Hawaii News Now took top honors in the public service reporting category with its Red Hill anniversary story.

For the 13th consecutive year, Civil Beat was selected as the best overall news site by the Society for Professional Journalists’ Hawaii chapter.

The honor was among several announced Tuesday during SPJ’s annual awards ceremony in Honolulu. It was the first in-person presentation since the coronavirus pandemic started in 2020.

The competition is judged by out-of-state journalists and includes work from 2022 submitted by newspapers, magazines, broadcast outlets and student journalists across the islands.

Society of Professional Journalists, SPJ, Awards
The team shows off some of Civil Beat’s awards after the SPJ presentation in Honolulu. (Ashley Ong/Civil Beat/2023)

The judges praised Civil Beat’s website design, including data visualizations, in-depth guides, a large opinion section and investigative pieces.

People in Hawaii “should be proud they have one of the best local news sites in the country as a news and information source. This one is hard to beat — anywhere,” the citation said.

You can find a full list of the awards at this link. Here are more highlights.

First place for public service reporting, which is considered the top prize, went to Mahealani Richardson, Peter Tang, Brenda Salgado of Hawaii News Now for “HNN Investigates: Red Hill, One Year Later.”

That story, which explored the continued impact of the Navy’s water contamination crisis on the local community, also won the series reporting/documentary/special news category in the television division.

Civil Beat reporter Christina Jedra also was honored for her probing coverage of Red Hill. She received first place for investigative reporting in the all media division.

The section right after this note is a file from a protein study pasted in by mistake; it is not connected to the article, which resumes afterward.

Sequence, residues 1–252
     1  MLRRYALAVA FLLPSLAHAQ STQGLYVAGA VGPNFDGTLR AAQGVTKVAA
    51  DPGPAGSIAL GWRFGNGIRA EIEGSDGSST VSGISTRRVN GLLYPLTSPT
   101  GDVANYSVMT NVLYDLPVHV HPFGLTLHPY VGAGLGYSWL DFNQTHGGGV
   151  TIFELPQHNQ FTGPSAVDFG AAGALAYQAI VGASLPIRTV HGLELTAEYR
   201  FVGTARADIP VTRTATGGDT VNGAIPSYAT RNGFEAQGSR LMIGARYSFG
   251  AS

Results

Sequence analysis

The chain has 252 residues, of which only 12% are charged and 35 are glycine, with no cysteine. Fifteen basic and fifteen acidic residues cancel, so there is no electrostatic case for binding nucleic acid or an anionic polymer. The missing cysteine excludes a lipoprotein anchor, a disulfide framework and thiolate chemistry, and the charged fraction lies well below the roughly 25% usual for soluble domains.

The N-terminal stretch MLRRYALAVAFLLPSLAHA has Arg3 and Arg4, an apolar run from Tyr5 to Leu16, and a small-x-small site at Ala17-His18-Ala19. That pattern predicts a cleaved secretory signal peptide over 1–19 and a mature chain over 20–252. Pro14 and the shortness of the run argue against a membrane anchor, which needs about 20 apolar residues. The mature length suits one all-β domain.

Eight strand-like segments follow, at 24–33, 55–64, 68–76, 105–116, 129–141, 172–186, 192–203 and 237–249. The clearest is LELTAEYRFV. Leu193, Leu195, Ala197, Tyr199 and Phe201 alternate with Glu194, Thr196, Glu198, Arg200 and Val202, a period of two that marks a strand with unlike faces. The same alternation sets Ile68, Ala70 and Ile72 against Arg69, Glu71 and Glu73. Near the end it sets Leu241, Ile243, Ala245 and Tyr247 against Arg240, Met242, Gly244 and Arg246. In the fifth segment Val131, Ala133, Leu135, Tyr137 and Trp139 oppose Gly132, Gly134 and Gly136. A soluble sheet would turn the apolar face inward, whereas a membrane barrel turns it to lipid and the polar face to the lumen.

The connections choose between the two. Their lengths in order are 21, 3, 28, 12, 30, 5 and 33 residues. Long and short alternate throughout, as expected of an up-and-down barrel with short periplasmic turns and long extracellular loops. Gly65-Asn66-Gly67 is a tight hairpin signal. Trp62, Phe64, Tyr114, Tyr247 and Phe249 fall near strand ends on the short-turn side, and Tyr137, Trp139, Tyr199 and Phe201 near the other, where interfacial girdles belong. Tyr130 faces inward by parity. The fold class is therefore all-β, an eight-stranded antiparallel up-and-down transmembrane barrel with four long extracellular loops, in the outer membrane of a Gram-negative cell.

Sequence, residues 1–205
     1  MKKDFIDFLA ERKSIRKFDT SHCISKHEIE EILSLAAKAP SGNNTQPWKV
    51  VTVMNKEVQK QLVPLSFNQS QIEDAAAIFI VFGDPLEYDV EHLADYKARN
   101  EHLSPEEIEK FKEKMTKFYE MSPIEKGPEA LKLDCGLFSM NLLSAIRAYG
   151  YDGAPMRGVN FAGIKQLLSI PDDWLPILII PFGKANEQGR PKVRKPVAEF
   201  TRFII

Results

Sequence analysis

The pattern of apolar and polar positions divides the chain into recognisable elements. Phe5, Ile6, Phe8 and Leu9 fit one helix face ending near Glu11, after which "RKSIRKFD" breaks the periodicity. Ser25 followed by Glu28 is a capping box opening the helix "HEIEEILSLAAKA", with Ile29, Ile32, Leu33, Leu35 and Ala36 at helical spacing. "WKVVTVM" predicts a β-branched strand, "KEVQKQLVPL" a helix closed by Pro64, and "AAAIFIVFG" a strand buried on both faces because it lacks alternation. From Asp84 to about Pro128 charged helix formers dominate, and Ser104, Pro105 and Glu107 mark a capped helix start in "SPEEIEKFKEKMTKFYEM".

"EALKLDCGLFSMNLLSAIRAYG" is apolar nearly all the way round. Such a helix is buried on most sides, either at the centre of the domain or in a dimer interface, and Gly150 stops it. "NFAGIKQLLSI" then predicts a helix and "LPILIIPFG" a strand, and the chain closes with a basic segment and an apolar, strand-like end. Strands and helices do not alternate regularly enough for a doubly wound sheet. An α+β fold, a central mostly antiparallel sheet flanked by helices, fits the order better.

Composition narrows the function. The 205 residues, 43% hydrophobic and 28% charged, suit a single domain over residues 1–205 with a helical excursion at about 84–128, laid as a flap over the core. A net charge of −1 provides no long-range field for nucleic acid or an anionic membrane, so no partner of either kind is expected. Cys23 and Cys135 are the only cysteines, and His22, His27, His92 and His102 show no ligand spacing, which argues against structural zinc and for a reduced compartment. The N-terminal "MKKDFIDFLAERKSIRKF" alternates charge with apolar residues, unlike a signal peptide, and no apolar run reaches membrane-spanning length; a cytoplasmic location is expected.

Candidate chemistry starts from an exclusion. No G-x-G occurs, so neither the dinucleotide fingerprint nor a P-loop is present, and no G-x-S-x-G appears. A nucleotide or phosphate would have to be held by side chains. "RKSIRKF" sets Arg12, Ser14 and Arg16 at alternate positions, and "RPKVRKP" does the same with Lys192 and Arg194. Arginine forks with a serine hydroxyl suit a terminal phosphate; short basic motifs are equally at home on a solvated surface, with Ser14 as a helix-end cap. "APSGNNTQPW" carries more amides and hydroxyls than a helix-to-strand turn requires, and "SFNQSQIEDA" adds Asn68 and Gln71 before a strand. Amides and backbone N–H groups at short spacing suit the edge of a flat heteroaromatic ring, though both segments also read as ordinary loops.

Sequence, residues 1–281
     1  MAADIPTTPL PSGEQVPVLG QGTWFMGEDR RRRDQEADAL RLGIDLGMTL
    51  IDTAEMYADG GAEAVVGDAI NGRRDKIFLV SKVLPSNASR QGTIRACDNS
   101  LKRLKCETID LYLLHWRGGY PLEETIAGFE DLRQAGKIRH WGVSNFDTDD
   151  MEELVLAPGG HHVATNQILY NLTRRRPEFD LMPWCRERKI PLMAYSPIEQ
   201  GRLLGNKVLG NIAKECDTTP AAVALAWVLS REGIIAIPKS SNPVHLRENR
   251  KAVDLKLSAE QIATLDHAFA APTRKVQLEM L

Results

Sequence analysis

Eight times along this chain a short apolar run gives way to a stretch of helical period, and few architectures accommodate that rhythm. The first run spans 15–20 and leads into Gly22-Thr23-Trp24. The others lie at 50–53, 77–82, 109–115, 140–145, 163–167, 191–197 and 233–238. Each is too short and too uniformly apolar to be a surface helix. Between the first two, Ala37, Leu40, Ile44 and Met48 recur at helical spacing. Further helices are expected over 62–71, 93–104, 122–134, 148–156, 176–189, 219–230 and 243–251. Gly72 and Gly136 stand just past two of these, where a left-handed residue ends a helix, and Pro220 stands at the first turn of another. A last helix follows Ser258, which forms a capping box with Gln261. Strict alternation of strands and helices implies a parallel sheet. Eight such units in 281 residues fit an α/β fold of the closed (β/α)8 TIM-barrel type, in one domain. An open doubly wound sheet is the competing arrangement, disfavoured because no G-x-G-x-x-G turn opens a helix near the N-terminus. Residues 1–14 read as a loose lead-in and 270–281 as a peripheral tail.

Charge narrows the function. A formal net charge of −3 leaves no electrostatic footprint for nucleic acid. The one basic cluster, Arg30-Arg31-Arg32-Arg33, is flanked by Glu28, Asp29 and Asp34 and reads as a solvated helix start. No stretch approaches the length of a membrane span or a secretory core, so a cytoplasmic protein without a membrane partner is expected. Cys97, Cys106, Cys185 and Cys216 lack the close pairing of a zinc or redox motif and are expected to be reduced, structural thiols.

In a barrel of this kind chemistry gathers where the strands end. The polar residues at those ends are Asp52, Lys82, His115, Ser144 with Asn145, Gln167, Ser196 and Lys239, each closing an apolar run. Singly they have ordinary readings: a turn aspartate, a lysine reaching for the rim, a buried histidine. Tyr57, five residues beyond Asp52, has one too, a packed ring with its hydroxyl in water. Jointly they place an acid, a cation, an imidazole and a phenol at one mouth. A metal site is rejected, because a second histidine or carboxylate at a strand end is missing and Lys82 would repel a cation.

Second place went to Civil Beat’s investigations editor John Hill for his series examining the state’s process for removing children from their parents.

Jedra also teamed up with Civil Beat interactive developer April Estrellon to design an interactive game showing the problems and delays plaguing Honolulu’s permitting process. The SPJ judges chose “Game: How Long Does It Take To Get A Permit From Honolulu?” as the best multimedia presentation.

Civil Beat swept the government reporting category, with first place going to Washington reporter Nick Grube’s story showing that former Hawaii Congressman Kai Kahele had been having other members cast his votes for months.

Columnist Eric Stinton received top honors in several categories, including column writing or blog/news and column writing or blog/features or sports.

Civil Beat also got a rare mention in the sports reporting category with third place for Stinton’s column “A Boxing Club For Troubled Youth Gets New Life In Kalihi.”

Society of Professional Journalists Hawaii Chapter awards
SPJ awards on a table ahead of the presentation at the annual ceremony. (Kim Gamel/Civil Beat/2023)

The Civil Beat team of Thomas Heaton and Nathan Eagle received first place in science reporting for “Ticking Ecological Time Bombs: Thousands Of Sunken Ships From World War II Are Rusting At The Bottom Of The Pacific.”

The story was part of a series probing the lethal legacy from the war that continues to plague the Solomon Islands.

Heaton also was named third place in the public service category for the “UXO: Lethal Legacy” project.

Eagle, meanwhile, received first place in feature photography/videography for his “mesmerizing” photo of an underwater plane wreck in the Solomon Islands.

Reporter Cassie Ordonio, who now works for Hawaii Public Radio, received second place in the science reporting category for her Civil Beat story “How To Keep Hawaii’s Rarest Plants From Disappearing? Freeze Them.”

Ordonio also got first place in the arts/entertainment writing category for “A Tale Of 2 Monarchies: Queen Elizabeth’s Death Stirs Up Mixed Feelings In Hawaii.”

Hawaii Business Magazine reporter Noelle Fujii-Oride’s work won first, second and third place for data journalism story or series, with “May 2022 – Here’s Which Ethnic Groups Make the Most Money in Hawaii” taking top honors.

“Inside Saguaro Prison,” HNN’s on-site look at the Arizona facility that holds many Hawaii inmates, won first place in the special section category for Lynn Kawano and Peter Tang.

In the online news reporting category, Kirstin Downey received first place for “’It’s A Nightmare’: Feral Pig Population Explosion Rattles East Honolulu Neighborhood.”

Maui-based Civil Beat reporter Marina Riker won first and third place in the online feature reporting category for two stories on a couple living in their car to make ends meet on the Valley Isle and a Hawaiian family’s effort to reclaim ancestral land.

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